Epstein-Barr virus (EBV) is a member of the herpesvirus family and is best known as the cause of infectious mononucleosis.
Distinguish between the lytic replicative and latency cycle of the Epstein-Barr virus infection cycle and discuss the prevalence of Epstein-Barr virus infected humans
- The Epstein–Barr virus (EBV), is a very common virus and infects about 95% of all people in the United States.
- EBV can result in fever, sore throat, pharyngitis, and lymphadenopathy. Together, these symptoms are called infectious mononucleosis.
- An EBV infection can occur in two forms; a lytic replicative stage where it replicates its viral genome and produces gene products to help the virus evade the immune system and a latent stage where it remains undetected until reactivation.
- epithelial cells: cells that are part of the membranous tissue which form the covering of most internal and external surfaces of the body and its organs; internally including the lining of vessels and other small cavities, and externally being the skin.
- lytic cycle: The normal process of viral reproduction involving penetration of the cell membrane, nucleic acid synthesis, and lysis of the host cell.
- B cell: a lymphocyte, developed in the bursa of birds and the bone marrow of other animals, that produces antibodies and is responsible for the immune system.
The Epstein–Barr virus (EBV), also called human herpesvirus 4 (HHV-4), is a virus of the herpes family, and is one of the most common viruses in humans. EBV infection, which occurs by oral transfer of the saliva, results in infectious mononucleosis (glandular fever). It is also associated with particular forms of cancer, such as Hodgkin’s lymphoma, Burkitt’s lymphoma, nasopharyngeal carcinoma, and central nervous system lymphomas associated with HIV. There is evidence that infection with the virus is associated with a higher risk of certain autoimmune diseases, especially dermatomyositis, systemic lupus erythematosus, rheumatoid arthritis, Sjögren’s syndrome, and multiple sclerosis. Most people become infected with EBV and gain adaptive immunity. In the United States, about half of all five-year-old children and 90 to 95 percent of adults have evidence of previous infection. Infants become susceptible to EBV as soon as maternal antibody protection disappears. Many children become infected with EBV, and these infections usually cause no symptoms or are indistinguishable from the other mild, brief illnesses of childhood.
A mature EBV viral particle has a diameter of approximately 120 nm to 180 nm. It is composed of a double stranded, linear DNA genome enclosed by a protein capsid. The capsid is surrounded by a protein tegument, which in turn is surrounded by a lipid envelope. The EBV genome is about 192 thousand base pairs in length and contains about 85 genes. The viral envelope is embedded with glycoproteins essential to viral entry into the cell.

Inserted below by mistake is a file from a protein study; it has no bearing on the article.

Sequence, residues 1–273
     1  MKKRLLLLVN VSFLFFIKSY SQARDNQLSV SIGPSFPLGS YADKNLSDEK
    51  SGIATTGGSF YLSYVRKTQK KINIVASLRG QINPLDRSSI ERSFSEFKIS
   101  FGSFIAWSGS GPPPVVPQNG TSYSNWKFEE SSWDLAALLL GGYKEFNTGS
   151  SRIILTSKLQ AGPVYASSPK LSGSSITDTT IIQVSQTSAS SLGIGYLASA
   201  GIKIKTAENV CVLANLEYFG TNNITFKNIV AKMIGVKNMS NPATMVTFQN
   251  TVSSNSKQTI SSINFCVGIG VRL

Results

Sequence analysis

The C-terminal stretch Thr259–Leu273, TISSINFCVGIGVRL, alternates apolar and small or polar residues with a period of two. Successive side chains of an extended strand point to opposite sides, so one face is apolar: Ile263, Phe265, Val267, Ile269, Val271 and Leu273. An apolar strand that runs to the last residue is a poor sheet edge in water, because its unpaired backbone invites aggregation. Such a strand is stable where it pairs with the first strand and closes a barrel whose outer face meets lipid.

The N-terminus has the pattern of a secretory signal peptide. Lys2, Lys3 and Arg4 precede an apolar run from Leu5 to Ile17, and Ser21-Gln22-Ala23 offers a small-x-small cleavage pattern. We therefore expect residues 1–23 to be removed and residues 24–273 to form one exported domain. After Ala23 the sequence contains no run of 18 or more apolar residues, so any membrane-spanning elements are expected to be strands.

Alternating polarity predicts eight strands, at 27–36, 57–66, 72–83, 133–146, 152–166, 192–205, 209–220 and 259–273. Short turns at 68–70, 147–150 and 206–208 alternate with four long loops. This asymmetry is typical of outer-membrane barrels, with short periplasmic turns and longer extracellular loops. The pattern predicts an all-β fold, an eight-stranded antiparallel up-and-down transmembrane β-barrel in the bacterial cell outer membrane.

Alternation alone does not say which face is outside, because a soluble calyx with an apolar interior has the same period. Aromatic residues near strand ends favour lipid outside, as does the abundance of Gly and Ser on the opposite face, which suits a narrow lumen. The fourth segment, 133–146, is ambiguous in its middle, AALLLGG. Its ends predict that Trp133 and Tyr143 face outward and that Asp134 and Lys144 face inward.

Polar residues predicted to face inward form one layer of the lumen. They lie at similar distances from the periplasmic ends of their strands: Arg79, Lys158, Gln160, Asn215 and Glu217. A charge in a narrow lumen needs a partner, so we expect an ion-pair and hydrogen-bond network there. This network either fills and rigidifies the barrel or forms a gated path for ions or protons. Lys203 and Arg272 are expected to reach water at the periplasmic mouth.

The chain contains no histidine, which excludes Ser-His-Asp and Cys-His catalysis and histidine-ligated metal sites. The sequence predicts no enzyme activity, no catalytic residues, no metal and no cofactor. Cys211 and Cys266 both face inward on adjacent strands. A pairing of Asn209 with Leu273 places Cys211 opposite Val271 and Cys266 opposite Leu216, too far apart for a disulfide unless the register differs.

EBV Infection Cycle
EBV infects B cells of the immune system and epithelial cells. Once EBV enters the cell, the viral capsid dissolves and the viral genome is transported to the cell nucleus. An EBV infection can be described as being in one of two cycles; a lytic replicative cycle and a latency cycle.
EBV infection cycle: Upon a primary infection, EBV enters the lytic replicative cycle where it infects blood cells. It will remain dormant during the latent stage until it is reactivated into the lytic cycle.
The lytic cycle, or productive infection, results in the production of infectious virions. EBV can undergo lytic replication in both B cells and epithelial cells. In B cells, lytic replication normally only takes place after reactivation from latency. In epithelial cells, lytic replication often directly follows viral entry entry. For lytic replication to occur, the viral genome must be linear. The latent EBV genome is circular, so it must linearize in the process of lytic reactivation. During lytic replication, viral DNA polymerase is responsible for copying the viral genome. Unlike lytic replication for many other viruses, EBV lytic replication does not inevitably lead to lysis of the host cell because EBV virions are produced by budding from the infected cell.
Unlike lytic replication, the latent stage does not result in production of virions. Instead, the EBV genome circularizes, resides in the cell nucleus as an episome, and is copied by cellular DNA polymerase. In latency, only a portion of EBV’s genes are expressed. Latent EBV expresses its genes in one of three patterns, known as latency programs. EBV can latently persist within B cells and epithelial cells, but different latency programs are possible in the two types of cells. EBV can exhibit one of three latency programs: Latency I, Latency II, or Latency III. Each latency program leads to the production of a limited, distinct set of viral proteins and viral RNAs.
Presence and Symptoms of EBV
The EBV occurs all over the world and most people become infected with this virus at some point in their lives. When teenagers get EBV, there is a 35-50% chance that it will lead to infectious mononucleosis also known as mono. Symptoms of mono include fever, sore throat, pharyngitis, and swollen lymph glands (lymphadenopathy). Although the symptoms of infectious mononucleosis usually go away in 1-2 months, EBV remails dormant and hidden in the troat and blood cells for the rest of the person’s life.